Demachy I, Ridard J, Laguitton-Pasquier H, Durnerin E, Vallverdu G, Archirel P, Levy B (2005) Cyan fluorescent protein: molecular dynamics, simulations, and electronic absorption spectrum. J Phys Chem B 109(50):24121–24133CrossRefGoogle Scholar
  22. 22.
    Sinha HK, Dogra SK, Krishnamurthy M (1987) Excited-state and ground-state proton-transfer reactions in 5-aminoindole. Bull Chem Soc Jpn 60(12):4401–4407CrossRefGoogle Scholar
  23. 23.
    Craggs TD (2009) Green fluorescent protein: structure, folding and chromophore maturation. Chem Soc Rev 38(10):2865–2875CrossRefGoogle Scholar
  24. 24.
    Kasha M (1952) Collisional perturbation of spin orbital coupling and the mechanism of fluorescence quenching. A visual demonstration of the perturbation. J Chem Phys 20(1):71–74CrossRefGoogle Scholar
  25. 25.
    Bonnett R, Harriman A, Kozyrev AN (1992) Photophysics of halogenated porphyrins. J Chem Soc Faraday Trans 88(6):763–769CrossRefGoogle Scholar
  26. 26.
    Bondi A (1964) Van der waals volumes and radii. J Phys Chem 68(3):441–451CrossRefGoogle Scholar
  27. 27.
    Brooks B, Phillips RS, Benisek WF (1998) High-efficiency incorporation in vivo of tyrosine analogues with altered hydroxyl acidity in place of the catalytic tyrosine-14 of delta(5)-3-ketosteroid isomerase of Comamonas (Pseudomonas) testosteroni: effects of the modifications on isomerase kinetics. Biochemistry 37(27):9738–9742CrossRefGoogle Scholar
  28. 28.
    Kajihara D, Hohsaka T, Sisido M (2005) Synthesis and sequence optimization of gfp mutants containing aromatic non-natural amino acids at the tyr66 position. Protein Eng Des Sel 18(6):273–278CrossRefGoogle Scholar
  29. 29.
    Budisa N, Alefelder S, Bae JH, Golbik R, Minks C, Huber R, Moroder L (2001) Proteins with beta-(thienopyrrolyl)alanines as alternative chromophores and pharmaceutically active amino acids. Protein Sci 10(7):1281–1292CrossRefGoogle Scholar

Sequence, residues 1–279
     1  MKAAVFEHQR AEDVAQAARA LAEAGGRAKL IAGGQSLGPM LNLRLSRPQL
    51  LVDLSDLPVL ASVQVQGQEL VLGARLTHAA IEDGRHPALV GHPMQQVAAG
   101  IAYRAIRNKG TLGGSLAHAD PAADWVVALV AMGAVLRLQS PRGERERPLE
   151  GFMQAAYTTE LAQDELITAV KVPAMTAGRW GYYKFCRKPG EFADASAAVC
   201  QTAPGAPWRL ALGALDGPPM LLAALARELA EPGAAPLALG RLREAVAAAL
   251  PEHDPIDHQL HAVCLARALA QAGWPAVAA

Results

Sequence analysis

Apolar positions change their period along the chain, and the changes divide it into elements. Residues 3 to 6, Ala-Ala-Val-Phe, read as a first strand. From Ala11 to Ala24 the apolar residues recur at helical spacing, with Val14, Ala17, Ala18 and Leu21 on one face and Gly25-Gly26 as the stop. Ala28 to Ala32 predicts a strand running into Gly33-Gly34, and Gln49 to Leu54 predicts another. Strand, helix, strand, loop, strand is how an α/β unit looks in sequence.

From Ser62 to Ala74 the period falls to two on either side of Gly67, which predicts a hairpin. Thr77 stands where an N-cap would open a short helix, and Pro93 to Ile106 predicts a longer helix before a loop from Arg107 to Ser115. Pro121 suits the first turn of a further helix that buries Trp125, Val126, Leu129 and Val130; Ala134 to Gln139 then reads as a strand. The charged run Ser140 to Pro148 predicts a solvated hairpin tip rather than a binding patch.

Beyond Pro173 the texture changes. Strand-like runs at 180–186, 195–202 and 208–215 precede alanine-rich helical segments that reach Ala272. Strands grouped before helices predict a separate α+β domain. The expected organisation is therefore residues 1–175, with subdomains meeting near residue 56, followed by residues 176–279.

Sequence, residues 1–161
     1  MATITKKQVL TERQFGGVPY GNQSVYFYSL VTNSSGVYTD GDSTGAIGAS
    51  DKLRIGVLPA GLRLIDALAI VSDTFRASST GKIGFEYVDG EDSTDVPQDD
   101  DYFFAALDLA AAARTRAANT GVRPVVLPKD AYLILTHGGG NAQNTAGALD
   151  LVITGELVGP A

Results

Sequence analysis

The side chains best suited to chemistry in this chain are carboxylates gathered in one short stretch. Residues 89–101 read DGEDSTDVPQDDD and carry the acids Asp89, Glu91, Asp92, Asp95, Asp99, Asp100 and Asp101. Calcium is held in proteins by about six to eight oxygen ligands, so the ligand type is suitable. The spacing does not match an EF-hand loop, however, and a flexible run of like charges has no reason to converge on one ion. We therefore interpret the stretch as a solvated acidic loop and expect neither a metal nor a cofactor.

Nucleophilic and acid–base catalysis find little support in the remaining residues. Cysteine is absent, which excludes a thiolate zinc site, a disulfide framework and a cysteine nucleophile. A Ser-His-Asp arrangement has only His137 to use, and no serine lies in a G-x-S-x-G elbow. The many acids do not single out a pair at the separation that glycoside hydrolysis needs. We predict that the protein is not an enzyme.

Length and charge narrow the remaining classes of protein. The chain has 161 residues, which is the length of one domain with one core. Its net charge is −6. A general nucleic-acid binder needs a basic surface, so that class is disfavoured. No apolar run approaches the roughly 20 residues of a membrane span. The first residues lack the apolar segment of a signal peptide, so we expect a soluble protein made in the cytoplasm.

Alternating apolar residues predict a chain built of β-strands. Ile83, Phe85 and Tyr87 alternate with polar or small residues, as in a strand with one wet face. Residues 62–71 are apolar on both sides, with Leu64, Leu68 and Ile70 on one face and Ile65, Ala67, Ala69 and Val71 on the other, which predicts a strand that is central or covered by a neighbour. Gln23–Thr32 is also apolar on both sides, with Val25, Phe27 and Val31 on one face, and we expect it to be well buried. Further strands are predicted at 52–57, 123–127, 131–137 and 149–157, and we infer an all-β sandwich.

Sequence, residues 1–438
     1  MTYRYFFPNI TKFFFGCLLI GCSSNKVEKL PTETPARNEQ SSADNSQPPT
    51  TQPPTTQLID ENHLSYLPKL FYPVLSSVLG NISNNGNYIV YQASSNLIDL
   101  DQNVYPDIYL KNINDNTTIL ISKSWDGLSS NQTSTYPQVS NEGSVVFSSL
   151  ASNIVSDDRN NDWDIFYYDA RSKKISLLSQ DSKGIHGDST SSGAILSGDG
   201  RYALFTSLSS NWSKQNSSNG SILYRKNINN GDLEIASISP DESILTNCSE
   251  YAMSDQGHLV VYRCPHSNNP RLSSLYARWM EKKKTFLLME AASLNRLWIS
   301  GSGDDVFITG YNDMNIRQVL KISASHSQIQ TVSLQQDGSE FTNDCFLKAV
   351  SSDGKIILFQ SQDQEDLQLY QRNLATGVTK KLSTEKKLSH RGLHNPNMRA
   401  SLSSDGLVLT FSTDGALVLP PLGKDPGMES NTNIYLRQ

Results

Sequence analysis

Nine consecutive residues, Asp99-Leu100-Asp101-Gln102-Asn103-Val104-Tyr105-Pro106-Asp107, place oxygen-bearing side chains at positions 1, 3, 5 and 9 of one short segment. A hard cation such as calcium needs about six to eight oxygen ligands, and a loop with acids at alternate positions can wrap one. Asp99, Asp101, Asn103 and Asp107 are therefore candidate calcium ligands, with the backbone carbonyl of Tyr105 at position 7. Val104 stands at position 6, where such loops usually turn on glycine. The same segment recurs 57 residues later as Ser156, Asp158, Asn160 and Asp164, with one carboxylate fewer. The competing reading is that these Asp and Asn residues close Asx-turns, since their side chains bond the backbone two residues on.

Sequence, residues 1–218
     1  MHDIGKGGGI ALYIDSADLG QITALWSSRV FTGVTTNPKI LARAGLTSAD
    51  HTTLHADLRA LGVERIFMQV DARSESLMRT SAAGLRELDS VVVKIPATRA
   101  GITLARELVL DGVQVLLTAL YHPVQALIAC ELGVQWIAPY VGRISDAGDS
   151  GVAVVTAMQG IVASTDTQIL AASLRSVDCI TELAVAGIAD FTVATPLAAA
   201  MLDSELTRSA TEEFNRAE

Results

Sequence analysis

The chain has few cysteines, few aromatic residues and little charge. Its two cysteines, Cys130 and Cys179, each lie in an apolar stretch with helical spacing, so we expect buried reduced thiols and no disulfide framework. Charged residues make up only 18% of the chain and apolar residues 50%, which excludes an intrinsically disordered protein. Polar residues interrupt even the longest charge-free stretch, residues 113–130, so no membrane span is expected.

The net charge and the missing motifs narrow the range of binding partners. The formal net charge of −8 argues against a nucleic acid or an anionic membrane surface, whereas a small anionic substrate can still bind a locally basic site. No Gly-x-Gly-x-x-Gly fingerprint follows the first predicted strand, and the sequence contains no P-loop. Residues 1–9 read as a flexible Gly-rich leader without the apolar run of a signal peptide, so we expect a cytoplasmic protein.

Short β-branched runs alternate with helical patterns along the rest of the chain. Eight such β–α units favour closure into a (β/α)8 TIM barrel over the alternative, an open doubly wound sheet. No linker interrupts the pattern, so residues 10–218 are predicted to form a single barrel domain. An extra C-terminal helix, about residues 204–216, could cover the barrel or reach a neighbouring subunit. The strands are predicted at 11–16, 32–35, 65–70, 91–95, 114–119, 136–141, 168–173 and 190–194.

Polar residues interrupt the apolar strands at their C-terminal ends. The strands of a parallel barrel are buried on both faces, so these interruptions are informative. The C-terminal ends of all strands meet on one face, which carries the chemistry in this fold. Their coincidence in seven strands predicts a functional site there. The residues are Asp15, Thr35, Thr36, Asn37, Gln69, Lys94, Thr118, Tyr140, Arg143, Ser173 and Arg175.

30. 30.
    Visser NV, Borst JW, Hink MA, van Hoek A, Visser AJWG (2005) Direct observation of resonance tryptophan-to-chromophore energy transfer in visible fluorescent proteins. Biophys Chem 116(3):207–212CrossRefGoogle Scholar
  31. 31.
    Griesbeck O, Baird GS, Campbell RE, Zacharias DA, Tsien RY (2001) Reducing the environmental sensitivity of yellow fluorescent protein – mechanism and applications. J Biol Chem 276(31):29188–29194CrossRefGoogle Scholar
  32. 32.
    Budisa N (2003) Expression of “tailor-made” proteins via incorporation of synthetic amino acids by using cell-free protein synthesis. Cell-free protein expression. Springer-Verlag, HeidelbergGoogle Scholar
  33. 33.
    Niwa H, Inouye S, Hirano T, Matsuno T, Kojima S, Kubota M, Ohashi M, Tsuji FI (1996) Chemical nature of the light emitter of the aequorea green fluorescent protein. Proc Natl Acad Sci USA 93(24):13617–13622CrossRefGoogle Scholar
  34. 34.
    Bell AF, He X, Wachter RM, Tonge PJ (2000) Probing the ground state structure of the green fluorescent protein chromophore using Raman spectroscopy. Biochemistry 39(15):4423–4431CrossRefGoogle Scholar